A few weeks ago I came across an excerpt from C. S. Lewis’s Present Concerns: Journalistic Essays where the British writer of Narnian fame commented on the anxiety of the Atomic Age (highlights are my own):
In one way we think a great deal too much of the atomic bomb. “How are we to live in an atomic age?” I am tempted to reply: “Why, as you would have lived in the sixteenth century when the plague visited London almost every year, or as you would have lived in a Viking age when raiders from Scandinavia might land and cut your throat any night; or indeed, as you are already living in an age of cancer, an age of syphilis, an age of paralysis, an age of air raids, an age of railway accidents, an age of motor accidents.
In other words, do not let us begin by exaggerating the novelty of our situation. Believe me, dear sir or madam, you and all whom you love were already sentenced to death before the atomic bomb was invented: and quite a high percentage of us were going to die in unpleasant ways. We had, indeed, one very great advantage over our ancestors—anesthetics; but we have that still. It is perfectly ridiculous to go about whimpering and drawing long faces because the scientists have added one more chance of painful and premature death to a world which already bristled with such chances and in which death itself was not a chance at all, but a certainty.
This is the first point to be made: and the first action to be taken is to pull ourselves together. If we are all going to be destroyed by an atomic bomb, let that bomb when it comes find us doing sensible and human things—praying, working, teaching, reading, listening to music, bathing the children, playing tennis, chatting to our friends over a pint and a game of darts—not huddled together like frightened sheep and thinking about bombs. They may break our bodies (a microbe can do that) but they need not dominate our minds.— “On Living in an Atomic Age” (1948) in Present Concerns: Journalistic Essays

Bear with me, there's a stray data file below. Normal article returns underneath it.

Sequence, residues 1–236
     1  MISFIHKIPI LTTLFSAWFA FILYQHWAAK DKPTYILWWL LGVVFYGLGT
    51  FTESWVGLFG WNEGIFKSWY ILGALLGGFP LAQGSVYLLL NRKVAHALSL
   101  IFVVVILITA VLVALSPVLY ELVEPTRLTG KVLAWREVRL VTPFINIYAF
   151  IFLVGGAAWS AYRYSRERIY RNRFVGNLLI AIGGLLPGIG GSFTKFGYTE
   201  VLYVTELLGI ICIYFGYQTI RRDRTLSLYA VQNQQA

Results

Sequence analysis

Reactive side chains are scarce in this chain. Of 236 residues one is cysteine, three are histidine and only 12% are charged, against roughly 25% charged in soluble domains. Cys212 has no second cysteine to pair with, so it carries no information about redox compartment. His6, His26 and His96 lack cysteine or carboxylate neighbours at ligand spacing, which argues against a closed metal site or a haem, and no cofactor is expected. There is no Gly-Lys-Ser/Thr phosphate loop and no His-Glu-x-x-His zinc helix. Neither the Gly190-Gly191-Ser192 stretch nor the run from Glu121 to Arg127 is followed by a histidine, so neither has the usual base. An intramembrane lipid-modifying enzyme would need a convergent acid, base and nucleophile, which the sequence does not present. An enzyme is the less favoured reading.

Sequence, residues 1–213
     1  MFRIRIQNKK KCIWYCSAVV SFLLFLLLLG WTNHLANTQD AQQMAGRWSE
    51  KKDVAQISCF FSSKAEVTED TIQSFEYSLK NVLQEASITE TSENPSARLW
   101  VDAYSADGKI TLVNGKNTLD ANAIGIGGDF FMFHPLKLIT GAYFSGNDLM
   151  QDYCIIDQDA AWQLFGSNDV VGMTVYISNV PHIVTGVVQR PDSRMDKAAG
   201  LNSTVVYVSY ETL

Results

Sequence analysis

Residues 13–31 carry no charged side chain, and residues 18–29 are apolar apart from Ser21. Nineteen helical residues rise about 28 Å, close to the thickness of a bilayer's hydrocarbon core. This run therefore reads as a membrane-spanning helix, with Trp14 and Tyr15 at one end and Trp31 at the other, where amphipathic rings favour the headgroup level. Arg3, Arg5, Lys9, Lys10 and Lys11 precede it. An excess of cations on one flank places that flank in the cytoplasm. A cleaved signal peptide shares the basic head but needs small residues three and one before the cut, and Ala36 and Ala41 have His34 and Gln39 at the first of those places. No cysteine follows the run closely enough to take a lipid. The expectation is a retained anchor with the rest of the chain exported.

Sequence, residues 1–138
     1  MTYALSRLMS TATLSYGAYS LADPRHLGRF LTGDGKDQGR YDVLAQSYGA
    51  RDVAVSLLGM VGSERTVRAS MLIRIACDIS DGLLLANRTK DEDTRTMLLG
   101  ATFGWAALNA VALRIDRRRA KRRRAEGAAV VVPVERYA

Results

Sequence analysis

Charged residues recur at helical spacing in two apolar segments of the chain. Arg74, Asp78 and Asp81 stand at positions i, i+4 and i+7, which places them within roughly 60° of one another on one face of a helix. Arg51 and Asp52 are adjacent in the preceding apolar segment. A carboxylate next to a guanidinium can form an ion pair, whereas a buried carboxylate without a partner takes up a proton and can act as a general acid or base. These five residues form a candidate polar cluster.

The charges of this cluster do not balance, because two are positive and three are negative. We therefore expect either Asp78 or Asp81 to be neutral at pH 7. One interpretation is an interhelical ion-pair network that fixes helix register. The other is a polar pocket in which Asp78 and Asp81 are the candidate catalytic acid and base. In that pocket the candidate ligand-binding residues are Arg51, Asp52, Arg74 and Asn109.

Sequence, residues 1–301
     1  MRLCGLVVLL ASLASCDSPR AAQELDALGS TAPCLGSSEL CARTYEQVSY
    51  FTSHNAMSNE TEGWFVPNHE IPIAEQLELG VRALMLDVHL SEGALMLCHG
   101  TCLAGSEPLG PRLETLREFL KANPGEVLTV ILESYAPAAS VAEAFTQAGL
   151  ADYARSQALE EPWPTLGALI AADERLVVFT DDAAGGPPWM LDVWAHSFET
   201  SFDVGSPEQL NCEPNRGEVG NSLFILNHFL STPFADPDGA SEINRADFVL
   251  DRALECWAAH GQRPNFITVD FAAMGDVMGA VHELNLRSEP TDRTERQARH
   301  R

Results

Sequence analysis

I’ve been remarking to a few friends lately that these really are the Best and Worst of Times (Dickens, not Lewis). Or rather, this is the Best Time to have the Worst Time and simultaneously also the Worst Time to have the Best Time.
I’m in the prime of my youth, have savings in the bank, all the comforts like electricity and hot water that come with living in a first-world country, and enough culinary skills to keep me from panic buying baked beans and pancake mix. This is the Best Time possible for me to be weathering COVID-19. And yet the reverse is also true.
I quit my job almost two months ago, the industry I wanted to enter was decimated the week after I had just submitted a few tentative resumes to it, I can’t host any pop-ups or feed anyone at the moment, my investment portfolio lost a third of its value, and I can’t travel or explore during this time of self-reflection. One could say I picked the Worst Time to try to live my best life.
In a way this goes for all of us, all the time. We’re permanently and simultaneously in the best position we’ll ever be to weather the crises of life and in the worst position to live the perfect ones we dream of. Let us then live in this age of dis-ease as we have in the age of bombs, plagues, and railway accidents – doing sensible and human things.
*via Maxwell Anderson’s Weekend Reader (I highly recommend subscribing to one of the more thoughtful newsletters you’ll read) who in turn found it on Brad Feld’s blog.
Melhor e Pior
Currently enjoying this twist on the Capirinha mixing the best and worst. Mix the below in a glass filled with crap ice then top with bodega soda water.
1.5 oz. Cachaça Seleta (or similarly low-brow rum),
0.5 oz. Lemongrass-infused Batavia Arrack (or just add another 0.5 oz. of Seleta if you want to skew on the pior side),
juice of 1/4 to 1/2 a lemon or lime,
0.5 oz. of ginger syrup (or plain simple syrup or even just 2 teaspoons of sugar)